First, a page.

Tomorrow There Will Be Apricots by Jessica Soffer - 336 pages
This is a story about accepting the people we love—the people we have to love and the people we choose to love, the families we’re given and the families we make. It’s the story of two women adrift in New York, a widow and an almost-orphan, each searching for someone she’s lost. It’s the story of how, even in moments of grief and darkness, there are joys waiting nearby.
Lorca spends her life poring over cookbooks, making croissants andchocolat chaud, seeking out rare ingredients, all to earn the love of her distracted chef of a mother, who is now packing her off to boarding school. In one last effort to prove herself indispensable, Lorca resolves to track down the recipe for her mother’s ideal meal, an obscure Middle Eastern dish called masgouf.
Victoria, grappling with her husband’s death, has been dreaming of the daughter they gave up forty years ago. An Iraqi Jewish immigrant who used to run a restaurant, she starts teaching cooking lessons; Lorca signs up.
Together, they make cardamom pistachio cookies, baklava, kubba with squash. They also begin to suspect they are connected by more than their love of food. Soon, though, they must reckon with the past, the future, and the truth—whatever it might be. Bukra fil mish mish, the Arabic saying goes. Tomorrow, apricots may bloom.
My Review: 3.5 stars
This book took emotional hunger to new heights in metaphor. The work led me to a dark and emotionally uncomfortable place, yet I give a huge applause to the author for getting me there. For many of the pages I just wanted to jump into the phrases and either shake some sense into a character or just simply hug them. Cooking, mothers and daughters, love and loss, and filling the empty spot in our souls were the paramount themes in this book. The character Blot was an awesome branch to the story and I loved his name as for me, it reminded me of cleaning up a spill and in the protagonist’s case, cleaning up her blood from her incessant and heartbreaking cutting. The food references were abundant and used not only literally, but also to describe feelings, physical attributes and more.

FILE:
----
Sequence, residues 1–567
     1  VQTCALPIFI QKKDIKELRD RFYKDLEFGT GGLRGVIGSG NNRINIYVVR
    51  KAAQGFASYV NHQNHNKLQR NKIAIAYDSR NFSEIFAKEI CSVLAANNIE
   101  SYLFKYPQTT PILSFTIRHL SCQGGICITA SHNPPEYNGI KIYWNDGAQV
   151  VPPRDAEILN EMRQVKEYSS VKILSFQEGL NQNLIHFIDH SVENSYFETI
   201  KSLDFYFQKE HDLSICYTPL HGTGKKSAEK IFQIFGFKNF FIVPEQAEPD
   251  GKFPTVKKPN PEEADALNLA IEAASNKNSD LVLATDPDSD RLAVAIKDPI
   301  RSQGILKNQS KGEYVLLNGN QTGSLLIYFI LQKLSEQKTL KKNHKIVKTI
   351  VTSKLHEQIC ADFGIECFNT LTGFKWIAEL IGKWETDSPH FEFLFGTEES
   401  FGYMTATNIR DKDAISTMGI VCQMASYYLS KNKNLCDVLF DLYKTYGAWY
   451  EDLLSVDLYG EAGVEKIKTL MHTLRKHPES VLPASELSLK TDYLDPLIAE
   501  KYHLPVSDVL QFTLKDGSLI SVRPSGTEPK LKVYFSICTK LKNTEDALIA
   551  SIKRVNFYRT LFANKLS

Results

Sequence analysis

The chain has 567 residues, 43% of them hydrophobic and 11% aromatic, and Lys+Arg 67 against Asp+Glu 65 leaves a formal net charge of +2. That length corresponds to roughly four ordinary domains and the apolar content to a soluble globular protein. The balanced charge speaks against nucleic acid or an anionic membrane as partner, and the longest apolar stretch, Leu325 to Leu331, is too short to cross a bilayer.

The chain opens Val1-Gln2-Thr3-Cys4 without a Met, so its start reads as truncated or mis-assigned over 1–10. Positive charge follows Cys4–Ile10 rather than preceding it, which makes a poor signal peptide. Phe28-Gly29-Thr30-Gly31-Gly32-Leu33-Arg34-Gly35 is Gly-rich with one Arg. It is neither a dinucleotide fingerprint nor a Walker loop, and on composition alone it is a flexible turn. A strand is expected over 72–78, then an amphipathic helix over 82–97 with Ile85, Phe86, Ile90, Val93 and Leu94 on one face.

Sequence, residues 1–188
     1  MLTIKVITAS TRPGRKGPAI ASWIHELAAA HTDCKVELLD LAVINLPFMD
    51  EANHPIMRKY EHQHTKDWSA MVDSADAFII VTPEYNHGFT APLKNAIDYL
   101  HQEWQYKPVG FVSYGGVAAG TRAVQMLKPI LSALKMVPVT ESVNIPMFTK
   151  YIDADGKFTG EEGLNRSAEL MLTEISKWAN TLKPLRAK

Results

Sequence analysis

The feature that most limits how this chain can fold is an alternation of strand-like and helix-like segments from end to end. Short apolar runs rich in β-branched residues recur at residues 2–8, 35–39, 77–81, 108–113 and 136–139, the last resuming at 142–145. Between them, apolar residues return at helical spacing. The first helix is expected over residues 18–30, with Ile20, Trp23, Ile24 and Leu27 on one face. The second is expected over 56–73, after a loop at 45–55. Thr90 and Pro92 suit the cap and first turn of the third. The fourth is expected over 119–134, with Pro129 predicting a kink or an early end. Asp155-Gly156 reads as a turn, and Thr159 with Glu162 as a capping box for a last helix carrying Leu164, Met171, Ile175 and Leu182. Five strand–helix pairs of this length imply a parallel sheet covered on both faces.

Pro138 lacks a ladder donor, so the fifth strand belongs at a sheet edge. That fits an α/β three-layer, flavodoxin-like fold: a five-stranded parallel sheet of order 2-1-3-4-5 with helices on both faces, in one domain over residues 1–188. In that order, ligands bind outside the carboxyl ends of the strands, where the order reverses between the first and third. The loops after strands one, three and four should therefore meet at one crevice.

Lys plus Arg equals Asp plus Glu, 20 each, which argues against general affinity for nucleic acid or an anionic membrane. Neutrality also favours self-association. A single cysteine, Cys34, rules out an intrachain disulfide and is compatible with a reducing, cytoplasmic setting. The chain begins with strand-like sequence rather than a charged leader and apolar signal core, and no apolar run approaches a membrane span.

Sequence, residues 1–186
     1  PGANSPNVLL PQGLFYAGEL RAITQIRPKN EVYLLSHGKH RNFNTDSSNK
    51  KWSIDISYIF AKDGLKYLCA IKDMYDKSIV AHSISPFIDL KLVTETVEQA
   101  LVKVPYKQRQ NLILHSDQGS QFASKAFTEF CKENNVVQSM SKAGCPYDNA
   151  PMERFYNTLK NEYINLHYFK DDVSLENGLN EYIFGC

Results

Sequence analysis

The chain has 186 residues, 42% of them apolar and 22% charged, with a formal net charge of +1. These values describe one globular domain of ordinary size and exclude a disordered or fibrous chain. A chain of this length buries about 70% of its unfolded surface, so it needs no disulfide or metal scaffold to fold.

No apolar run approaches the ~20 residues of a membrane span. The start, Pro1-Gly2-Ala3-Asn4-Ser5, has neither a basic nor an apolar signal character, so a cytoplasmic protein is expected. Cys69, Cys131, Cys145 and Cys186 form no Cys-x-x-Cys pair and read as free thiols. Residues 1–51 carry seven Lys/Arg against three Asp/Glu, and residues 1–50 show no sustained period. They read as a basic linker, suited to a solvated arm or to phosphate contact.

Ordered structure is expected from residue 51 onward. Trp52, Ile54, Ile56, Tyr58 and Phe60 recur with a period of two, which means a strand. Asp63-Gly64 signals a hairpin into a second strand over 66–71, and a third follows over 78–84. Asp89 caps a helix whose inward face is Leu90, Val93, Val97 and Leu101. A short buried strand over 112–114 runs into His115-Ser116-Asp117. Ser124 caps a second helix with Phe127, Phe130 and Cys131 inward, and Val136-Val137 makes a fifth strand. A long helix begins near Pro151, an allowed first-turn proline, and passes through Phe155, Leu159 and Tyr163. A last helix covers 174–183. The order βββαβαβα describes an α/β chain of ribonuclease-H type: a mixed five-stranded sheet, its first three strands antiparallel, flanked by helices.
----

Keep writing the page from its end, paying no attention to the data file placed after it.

Thankfully, the book wrapped up in an honest way and wasn’t too rushed trying to fit all the pieces together.
Quotes I liked:
- “The idea of love doesn’t account for a fear of loss.”
- “Sometimes, no matter how hard I tried to keep my hopes down, the popped back up like a turkey timer.”
- “Not for a moment had I allowed myself to wither into sadness. Wouldn’t. It’s impossible to know when sadness ends. It’s a string I feared I’d keep on pulling until I unraveled the carpeting of a million rooms.”
- “For the rest of his life, he realized, he would have a relationship with something that was what it wasn’t.
Tags: 2013, Fiction, Mothers/Daughters, Food
Labels: 2013, Fiction, Food, Mothers/Daughters